Is a Liberal Arts College Right for Me?
There is much to love about a liberal arts college: the size, the curriculum, the intimacy. However, you may be asking yourself, “Is a liberal arts college right for me?” In this article, we will define what a liberal arts education entails and discuss who may benefit from it.
By NOELLE COMPTON
Among some crowds, liberal arts colleges get a hilariously bad rap. The small environment and educational emphasis on learning for learning’s sake become synonymous with drum circles and unemployment. But in reality, this could not be further from the truth. A liberal arts college is a fantastic option to consider if you’re a particular type of student. As you are building your college list, you may inevitably ask yourself, “is a liberal arts college right for me?” And as you weigh the pros and cons, there is much to consider.
What is a liberal arts college?
Liberal arts colleges are distinct from public universities, large research institutions, and technical colleges in a variety of categories, which I will cover below. Such distinguishing features make it difficult to rank among their larger counterparts, which is why the US News and World Report makes a separate list ranking the top liberal arts colleges. To compare a liberal arts college to a large research university is to compare apples to oranges. The quality of the liberal arts education is just as good (and sometimes better) than that of a much larger school, but the school’s values are what set a liberal arts experience apart.
Defining characteristics of a liberal arts college
In general, liberal arts colleges are significantly smaller than state universities or other public colleges. Among the top five liberal arts colleges of 2022, four of the schools have undergraduate enrollments under 2000 students. This means that for most, a liberal arts college is hardly larger than the average high school. As a result, all things tend to be on a smaller scale: class sizes, course catalogs, and even cafeterias.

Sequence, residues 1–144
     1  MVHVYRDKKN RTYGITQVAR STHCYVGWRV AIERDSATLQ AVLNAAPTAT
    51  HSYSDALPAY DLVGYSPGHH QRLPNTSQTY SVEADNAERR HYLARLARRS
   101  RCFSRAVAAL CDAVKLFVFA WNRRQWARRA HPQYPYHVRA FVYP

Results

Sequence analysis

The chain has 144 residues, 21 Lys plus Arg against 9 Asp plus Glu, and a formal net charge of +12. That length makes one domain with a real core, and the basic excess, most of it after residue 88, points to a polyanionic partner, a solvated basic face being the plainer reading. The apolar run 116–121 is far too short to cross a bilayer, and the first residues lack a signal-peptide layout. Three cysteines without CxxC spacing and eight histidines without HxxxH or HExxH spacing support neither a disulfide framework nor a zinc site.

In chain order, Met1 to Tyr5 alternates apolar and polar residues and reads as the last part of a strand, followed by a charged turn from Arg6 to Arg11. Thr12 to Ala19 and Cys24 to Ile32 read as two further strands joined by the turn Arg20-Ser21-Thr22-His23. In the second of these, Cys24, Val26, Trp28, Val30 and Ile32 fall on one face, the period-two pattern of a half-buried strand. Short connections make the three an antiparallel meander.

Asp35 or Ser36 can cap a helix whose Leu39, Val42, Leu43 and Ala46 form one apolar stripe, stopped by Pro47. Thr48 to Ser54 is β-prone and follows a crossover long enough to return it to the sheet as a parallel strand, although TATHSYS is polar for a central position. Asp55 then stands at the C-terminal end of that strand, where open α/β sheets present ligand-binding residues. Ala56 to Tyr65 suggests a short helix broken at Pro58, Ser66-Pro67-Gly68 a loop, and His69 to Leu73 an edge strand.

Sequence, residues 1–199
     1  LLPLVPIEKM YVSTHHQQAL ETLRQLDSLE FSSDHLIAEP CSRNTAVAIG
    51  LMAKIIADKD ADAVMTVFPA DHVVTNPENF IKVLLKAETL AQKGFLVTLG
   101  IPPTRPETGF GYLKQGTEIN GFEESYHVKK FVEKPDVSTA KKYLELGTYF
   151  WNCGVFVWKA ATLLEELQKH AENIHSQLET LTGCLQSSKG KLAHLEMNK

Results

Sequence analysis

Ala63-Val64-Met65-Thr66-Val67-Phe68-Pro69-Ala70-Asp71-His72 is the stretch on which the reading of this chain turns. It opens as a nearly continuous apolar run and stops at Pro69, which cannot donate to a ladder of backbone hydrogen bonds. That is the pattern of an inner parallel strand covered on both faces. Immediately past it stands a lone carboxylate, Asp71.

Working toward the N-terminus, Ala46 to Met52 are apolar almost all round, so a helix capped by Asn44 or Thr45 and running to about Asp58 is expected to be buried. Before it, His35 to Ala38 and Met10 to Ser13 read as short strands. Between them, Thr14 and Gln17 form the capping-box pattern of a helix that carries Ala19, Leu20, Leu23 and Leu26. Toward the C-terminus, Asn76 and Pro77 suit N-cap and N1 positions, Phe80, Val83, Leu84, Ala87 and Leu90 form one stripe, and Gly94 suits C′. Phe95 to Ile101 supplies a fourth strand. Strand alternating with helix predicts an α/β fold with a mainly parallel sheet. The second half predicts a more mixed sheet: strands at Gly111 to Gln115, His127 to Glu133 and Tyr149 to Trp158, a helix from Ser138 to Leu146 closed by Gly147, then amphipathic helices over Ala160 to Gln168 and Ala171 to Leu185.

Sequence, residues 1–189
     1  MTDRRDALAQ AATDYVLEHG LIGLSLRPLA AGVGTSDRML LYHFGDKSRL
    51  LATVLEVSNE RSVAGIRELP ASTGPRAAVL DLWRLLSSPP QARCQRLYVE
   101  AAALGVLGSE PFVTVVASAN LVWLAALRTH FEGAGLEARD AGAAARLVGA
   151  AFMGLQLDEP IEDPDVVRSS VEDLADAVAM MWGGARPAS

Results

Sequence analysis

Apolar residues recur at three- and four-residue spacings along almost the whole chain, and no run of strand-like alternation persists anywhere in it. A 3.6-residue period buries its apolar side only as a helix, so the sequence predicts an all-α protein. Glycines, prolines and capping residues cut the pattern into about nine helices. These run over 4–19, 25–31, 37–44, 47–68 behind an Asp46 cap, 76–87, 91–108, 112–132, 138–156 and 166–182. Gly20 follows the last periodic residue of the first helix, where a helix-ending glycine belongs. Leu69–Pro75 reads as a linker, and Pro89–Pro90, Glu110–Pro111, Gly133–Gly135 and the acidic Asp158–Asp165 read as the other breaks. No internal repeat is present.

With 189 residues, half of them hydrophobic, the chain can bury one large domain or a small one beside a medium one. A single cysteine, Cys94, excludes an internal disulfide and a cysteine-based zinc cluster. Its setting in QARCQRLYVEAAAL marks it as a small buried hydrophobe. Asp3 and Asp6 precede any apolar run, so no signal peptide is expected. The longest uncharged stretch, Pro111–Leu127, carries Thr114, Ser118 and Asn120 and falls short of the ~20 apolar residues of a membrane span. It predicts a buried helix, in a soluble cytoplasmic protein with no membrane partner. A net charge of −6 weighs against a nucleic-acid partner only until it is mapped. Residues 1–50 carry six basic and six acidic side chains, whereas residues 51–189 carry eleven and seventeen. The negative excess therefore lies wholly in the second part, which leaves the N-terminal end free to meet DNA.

Liberal arts colleges favor holistic learning, encouraging students to take a wide array of courses spanning many disciplines. Compared to a research institution, these courses may favor the humanities. Some liberal arts colleges have a core curriculum, requiring students to expose themselves to fields ranging from hard and soft sciences to languages to cultural and art studies. Many liberal arts colleges, though, have no course requirements and offer an open curriculum, encouraging students to study whatever piques their interest.
Very large schools have the benefit of offering many different fields of study. Liberal arts colleges, on the other hand, may have fewer majors to choose from. If you are looking for something very specific, you may be better served at a larger institution with hyper-specialized faculty members. The benefit to this system, though, is that liberal arts colleges tend to be generous in allowing students to craft their own majors using the interdisciplinary opportunities provided by the school.
Liberal arts colleges emphasize exploratory learning and education for the sake of education. In contrast, larger schools may purport to emphasize research or career building. This is not to say that you can’t engage in research or career building at a liberal arts college; rather, it suggests that the primary focus of the liberal arts college is to create a fulfilling learning environment, particularly one that encourages students to explore many interests.